The Federal Reserve’s quantitative easing policy failed to meet the “ultimate objective” of boosting employment and economic growth, said Mohamed El-Erian, chief executive officer at Pacific Investment Management Co.
While the bond-purchase program pushed investors into higher-yielding assets such as stocks, the “transmission mechanism” to lower unemployment by driving more money into the economy didn’t work, El-Erian of Pimco, the world’s biggest manager of bond funds, said in a radio interview on “Bloomberg Surveillance” with Tom Keene.
“If success is defined in terms of the ultimate objective, which is pushing up valuation in order for people to spend more on goods and services and therefore get the economy to grow and unemployment to come down rapidly, then the answer is no,” El- Erian said from Newport Beach, California.
The U.S. central bank began the second round of asset purchases, known as QE2, in November after buying $1.7 trillion in securities through last year, increasing the amount of money in circulation to prevent deflation. The central bank’s $600 billion in purchases of Treasuries are due to end this month.
“Simply throwing more money at the economy doesn’t seem to be enough,” El-Erian said. “Part of the unintended consequences is not only did we get good inflation, which is higher equity prices, higher asset prices, but we got bad inflation, which is higher commodity prices.”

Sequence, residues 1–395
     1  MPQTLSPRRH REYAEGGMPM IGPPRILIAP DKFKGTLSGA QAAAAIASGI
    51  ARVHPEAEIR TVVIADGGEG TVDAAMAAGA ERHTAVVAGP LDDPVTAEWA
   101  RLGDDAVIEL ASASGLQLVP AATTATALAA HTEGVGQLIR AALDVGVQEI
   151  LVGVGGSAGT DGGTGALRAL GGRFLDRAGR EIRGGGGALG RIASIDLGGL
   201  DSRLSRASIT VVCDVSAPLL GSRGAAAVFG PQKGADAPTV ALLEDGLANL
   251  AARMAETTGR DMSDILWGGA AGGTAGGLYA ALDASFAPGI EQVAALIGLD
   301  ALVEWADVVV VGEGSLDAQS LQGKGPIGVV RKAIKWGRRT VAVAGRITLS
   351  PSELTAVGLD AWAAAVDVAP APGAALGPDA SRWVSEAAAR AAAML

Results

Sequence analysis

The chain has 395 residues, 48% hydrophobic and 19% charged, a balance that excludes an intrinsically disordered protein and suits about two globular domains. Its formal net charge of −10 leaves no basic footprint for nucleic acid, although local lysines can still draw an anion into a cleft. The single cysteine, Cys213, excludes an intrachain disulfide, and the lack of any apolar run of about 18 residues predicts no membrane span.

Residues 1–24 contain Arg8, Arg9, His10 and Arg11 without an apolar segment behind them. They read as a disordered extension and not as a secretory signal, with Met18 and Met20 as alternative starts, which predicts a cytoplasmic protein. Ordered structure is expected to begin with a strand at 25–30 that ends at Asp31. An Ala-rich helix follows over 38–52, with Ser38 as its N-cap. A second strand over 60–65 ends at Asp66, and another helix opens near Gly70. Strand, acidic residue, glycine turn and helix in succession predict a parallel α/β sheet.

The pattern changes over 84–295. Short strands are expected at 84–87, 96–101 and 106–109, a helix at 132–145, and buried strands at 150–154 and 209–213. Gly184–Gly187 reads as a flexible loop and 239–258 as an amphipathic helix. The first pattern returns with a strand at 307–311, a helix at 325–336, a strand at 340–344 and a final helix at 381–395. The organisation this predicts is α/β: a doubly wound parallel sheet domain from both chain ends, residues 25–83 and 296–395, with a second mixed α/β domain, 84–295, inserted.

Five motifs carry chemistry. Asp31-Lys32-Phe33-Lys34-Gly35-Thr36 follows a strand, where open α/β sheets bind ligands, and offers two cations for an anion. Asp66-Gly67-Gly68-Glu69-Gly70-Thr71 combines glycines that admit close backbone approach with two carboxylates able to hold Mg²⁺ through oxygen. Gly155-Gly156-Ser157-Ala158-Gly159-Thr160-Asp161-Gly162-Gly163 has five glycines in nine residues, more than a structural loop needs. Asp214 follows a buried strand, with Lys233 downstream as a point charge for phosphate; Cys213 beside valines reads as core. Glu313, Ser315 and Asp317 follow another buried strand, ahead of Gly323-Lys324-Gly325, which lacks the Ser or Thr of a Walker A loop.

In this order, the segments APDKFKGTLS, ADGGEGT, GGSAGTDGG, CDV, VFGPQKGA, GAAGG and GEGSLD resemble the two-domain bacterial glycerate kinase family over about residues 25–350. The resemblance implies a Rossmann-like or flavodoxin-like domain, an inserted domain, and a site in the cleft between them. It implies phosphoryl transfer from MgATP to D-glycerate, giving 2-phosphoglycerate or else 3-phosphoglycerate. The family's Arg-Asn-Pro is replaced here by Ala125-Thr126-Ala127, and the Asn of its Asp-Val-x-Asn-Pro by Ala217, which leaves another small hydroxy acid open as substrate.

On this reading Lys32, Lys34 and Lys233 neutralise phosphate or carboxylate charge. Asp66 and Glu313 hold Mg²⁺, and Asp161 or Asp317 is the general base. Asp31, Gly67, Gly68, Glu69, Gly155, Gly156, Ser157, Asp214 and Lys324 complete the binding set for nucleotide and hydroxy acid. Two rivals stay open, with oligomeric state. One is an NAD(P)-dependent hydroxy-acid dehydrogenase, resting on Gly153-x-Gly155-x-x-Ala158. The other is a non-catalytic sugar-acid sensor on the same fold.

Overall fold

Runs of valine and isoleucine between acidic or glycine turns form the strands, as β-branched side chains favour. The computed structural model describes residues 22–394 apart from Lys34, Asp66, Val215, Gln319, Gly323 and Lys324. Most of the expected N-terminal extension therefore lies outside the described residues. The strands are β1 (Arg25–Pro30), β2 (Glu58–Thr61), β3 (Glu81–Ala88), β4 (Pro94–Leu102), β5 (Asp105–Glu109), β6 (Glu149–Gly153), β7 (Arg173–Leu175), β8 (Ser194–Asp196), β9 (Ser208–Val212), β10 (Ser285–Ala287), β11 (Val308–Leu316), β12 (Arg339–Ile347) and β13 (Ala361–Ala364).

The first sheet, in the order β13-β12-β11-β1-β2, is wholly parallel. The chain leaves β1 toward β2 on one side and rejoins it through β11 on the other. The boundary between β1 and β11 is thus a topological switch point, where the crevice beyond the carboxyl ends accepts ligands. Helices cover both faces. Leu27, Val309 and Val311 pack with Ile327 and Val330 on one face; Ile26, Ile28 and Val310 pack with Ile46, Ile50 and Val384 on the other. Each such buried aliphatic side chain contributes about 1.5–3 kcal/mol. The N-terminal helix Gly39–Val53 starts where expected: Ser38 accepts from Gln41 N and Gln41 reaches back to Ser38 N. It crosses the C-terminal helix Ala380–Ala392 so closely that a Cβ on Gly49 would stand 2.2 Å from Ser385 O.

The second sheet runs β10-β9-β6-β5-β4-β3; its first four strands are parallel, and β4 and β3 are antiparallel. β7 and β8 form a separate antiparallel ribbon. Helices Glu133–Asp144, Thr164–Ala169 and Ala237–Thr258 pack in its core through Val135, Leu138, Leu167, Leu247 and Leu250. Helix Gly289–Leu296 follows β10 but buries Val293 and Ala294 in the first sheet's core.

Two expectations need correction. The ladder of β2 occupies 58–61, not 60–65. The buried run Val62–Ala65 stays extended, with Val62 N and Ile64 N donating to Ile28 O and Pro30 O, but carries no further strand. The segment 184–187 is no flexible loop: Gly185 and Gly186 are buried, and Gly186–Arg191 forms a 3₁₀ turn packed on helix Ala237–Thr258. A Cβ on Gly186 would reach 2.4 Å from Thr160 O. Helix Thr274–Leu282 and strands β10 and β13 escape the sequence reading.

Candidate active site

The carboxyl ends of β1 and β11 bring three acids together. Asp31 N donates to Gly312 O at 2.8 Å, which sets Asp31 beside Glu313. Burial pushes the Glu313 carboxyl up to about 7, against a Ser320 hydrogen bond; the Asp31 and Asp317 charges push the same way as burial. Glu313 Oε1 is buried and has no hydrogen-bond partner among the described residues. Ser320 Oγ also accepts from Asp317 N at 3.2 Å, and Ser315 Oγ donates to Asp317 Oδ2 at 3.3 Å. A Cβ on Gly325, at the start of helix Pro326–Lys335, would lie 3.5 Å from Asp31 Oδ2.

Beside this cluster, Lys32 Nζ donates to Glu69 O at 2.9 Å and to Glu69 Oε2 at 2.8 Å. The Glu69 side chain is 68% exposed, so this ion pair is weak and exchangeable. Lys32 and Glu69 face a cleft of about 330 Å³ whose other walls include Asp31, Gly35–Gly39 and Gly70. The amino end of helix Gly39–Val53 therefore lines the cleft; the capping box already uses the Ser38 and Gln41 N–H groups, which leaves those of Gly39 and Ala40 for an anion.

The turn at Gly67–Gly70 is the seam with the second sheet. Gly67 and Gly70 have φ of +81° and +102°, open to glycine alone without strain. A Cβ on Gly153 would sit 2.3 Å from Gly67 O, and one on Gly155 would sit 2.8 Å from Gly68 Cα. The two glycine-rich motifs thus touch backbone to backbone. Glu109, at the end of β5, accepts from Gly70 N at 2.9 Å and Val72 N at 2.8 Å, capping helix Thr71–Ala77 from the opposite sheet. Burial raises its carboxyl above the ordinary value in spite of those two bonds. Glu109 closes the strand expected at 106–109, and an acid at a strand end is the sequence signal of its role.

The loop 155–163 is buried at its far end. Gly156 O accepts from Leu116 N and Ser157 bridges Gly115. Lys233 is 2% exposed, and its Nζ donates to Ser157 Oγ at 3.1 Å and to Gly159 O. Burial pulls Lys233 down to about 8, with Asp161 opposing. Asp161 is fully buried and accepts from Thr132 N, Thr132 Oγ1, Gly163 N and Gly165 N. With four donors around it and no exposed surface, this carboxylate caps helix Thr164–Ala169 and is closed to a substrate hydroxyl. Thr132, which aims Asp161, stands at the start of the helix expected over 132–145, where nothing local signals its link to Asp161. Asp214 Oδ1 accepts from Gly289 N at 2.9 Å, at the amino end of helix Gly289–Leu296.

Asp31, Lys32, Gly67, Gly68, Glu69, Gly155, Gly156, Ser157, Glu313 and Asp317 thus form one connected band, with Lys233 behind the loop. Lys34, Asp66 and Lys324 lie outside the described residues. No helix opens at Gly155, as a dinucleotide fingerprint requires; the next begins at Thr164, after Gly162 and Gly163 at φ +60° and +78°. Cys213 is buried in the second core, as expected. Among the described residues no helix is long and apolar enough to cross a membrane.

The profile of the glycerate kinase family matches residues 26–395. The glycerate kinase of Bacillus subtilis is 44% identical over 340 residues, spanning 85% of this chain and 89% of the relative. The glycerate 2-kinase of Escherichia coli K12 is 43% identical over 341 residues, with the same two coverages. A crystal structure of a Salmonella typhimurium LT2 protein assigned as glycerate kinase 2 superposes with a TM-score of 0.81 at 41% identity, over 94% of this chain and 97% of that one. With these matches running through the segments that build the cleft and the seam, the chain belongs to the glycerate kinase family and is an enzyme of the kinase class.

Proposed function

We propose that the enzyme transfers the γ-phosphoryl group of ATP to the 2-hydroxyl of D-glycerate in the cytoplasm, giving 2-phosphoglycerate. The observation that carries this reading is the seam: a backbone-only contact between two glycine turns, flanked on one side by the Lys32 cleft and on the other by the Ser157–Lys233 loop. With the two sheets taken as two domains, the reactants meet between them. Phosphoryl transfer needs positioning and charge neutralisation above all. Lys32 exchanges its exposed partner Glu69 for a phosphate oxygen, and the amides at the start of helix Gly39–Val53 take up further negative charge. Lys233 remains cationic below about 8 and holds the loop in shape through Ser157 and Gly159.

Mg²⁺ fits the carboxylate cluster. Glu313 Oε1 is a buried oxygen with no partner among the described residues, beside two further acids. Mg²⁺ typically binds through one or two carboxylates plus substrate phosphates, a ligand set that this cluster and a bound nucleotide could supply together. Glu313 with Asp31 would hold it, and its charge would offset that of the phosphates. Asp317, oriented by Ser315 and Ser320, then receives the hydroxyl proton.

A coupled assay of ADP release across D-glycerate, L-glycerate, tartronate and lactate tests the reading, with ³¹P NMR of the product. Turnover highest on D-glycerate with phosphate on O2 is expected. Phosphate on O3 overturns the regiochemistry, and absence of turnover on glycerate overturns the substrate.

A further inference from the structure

The Standard & Poor’s 500 Index has climbed 9 percent since QE2 was announced. At the same time, the S&P GSCI index of 24 commodities has risen 16 percent, while oil futures have climbed 14 percent and gold has increased 9.6 percent.
Treasury yields rose after tumbling yesterday the most in more than two months as reports showed company hiring and manufacturing growth slowed. The 10-year note yield fell below 3 percent for the first time this year.
“If you’re just a U.S. investor, be careful because Treasury bonds are at yields that probably can’t stay this low for long, and equities have been pushed up by QE2,” El-Erian said. “The key issue for us is, remember markets are global and opportunities are global.”
Pimco, a unit of the Munich-based insurer Allianz SE, managed $1.28 trillion of assets as of March 31.
To contact the editor responsible for this story: Dave Liedtka at firstname.lastname@example.org